Acts chapter 9

Vessels for honor

He is a chosen vessel of Mine… – Vs 15 (NKJV)

At first blush, this looks like the story of Saul’s conversion, and rightfully so. But there seems to be a lot more to this passage than a recap of Saul’s Damascus road experience. In fact, he is just one of a number of actors in this play. There’s Ananias the disciple, there’s Peter the apostle, Aeneas the paralytic, and Dorcas the deceased. And while Saul takes up a large part of the narrative, this story is really not about him. It is about God. It is about how God has chosen to use men and women to accomplish His divine plan through the ages. It is about how God uses fallen creatures to proclaim His glory.

In verse 15, when Ananias shares with God his reluctance to go and minister to Saul because of his reputation as a persecutor of the church, God tells him, “Go, for he is a chosen instrument of Mine” (NASB). That word translated “instrument” is skeuos in the Greek. It can refer to “a vessel, implement, or household utensil.” It is the same word used by Paul when he later wrote to the Corinthians:

But we have this treasure in earthen vessels, so that the surpassing greatness of the power will be of God and not from ourselves. – 2 Corinthians 4:7

You find Paul using the same word in his letter to Timothy:

Therefore, if anyone cleanses himself from these things, he will be a vessel for honor, sanctified, useful to the Master, prepared for every good work. – 2 Timothy 2:21

This chapter is all about people being used by God as vessels for his honor and glory. Some are active participants like Ananias and Peter. Others are passive, like Dorcas and the paralytic, yet God uses them nonetheless. Just take a look at all that takes place by the hand of God through the lives of His chosen vessels in this one chapter alone:

A disciple obeys – Vs 17

A persecutor is converted – Vs 18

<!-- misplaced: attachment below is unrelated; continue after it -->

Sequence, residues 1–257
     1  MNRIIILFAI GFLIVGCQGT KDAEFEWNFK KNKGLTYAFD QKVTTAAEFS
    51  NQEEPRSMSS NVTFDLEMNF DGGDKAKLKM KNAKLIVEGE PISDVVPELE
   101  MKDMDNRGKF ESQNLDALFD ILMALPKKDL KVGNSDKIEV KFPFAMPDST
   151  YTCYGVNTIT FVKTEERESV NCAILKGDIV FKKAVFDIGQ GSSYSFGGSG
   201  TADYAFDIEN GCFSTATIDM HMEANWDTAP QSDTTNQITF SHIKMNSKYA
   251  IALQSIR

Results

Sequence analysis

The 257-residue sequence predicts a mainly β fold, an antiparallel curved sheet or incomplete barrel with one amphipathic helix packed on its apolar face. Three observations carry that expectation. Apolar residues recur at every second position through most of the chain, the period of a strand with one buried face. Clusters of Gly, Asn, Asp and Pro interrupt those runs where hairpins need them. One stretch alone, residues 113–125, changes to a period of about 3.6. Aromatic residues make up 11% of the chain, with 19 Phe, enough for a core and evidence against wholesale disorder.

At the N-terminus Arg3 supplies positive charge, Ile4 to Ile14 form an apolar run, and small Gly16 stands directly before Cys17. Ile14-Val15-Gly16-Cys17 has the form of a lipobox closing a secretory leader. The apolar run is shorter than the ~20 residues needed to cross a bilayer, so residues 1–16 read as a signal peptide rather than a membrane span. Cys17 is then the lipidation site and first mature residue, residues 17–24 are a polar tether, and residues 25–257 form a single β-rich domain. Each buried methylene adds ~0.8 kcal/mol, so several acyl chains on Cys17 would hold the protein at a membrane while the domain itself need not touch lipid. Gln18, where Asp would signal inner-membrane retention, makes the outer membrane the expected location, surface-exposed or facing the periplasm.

The body of Christ ministers – Vs 25

A brother in Christ supports – Vs 27

The church grows – Vs 31

A paralytic is healed – Vs 34

A woman is raised from the dead – Vs 40

The lost are saved – Vs 42

Every one of these are a picture of the mighty hand of God reaching down and using “earthen vessels” – clay pots – to accomplish His will. Each of them ended up bringing honor and glory to God. God used each of these individuals in such a way “so that the surpassing greatness of the power will be of God and not from ourselves” (2 Corinthians 2:7).

God chose Saul, a religious zealot who was out to destroy the church, as a vessel to grow His church

He chose Ananias,an obscure disciple with a fear of persecution, as a vessel to anoint Saul with the Holy Spirit

He chose a group of unknown disciples to spare the life of the very man who had been out to imprison them

He chose Aeneas, a man debilitated by paralysis, as a vessel to witness to the power of Christ

He used Dorcas, a deceased woman, as a vessel to testify to Christ’s power over death and the grave

And the result was that “many believed in the Lord” (Vs 42). When God chooses and uses, results happen. Lives are changed. The lost are found. The lame walk. The dead are restored to life. The enemies of God become lovers of God.

God is still in the choosing business. And He still chooses vessels of clay. People who are spiritually paralyzed, spiritually dead, spiritually His enemies, spiritually reluctant, and spiritual nobodies. He chooses people like us to do His will and to reveal His power. Earthen vessels that He transforms into vessels for honor. Have you been chosen?

Father, thank you for choosing me. Thank you for using me. Even though I am little more than a clay pot with nothing to offer, and no value in and of myself. But You have chosen to use me so that my life can be a witness to Your power and glory. Make me a vessel for honor, sanctified, set apart for You, useful and always prepared for every good work you have for me to do. Amen

Ken Miller
Grow Pastor & Minister to Men

Leave a Reply

This site uses Akismet to reduce spam. Learn how your comment data is processed.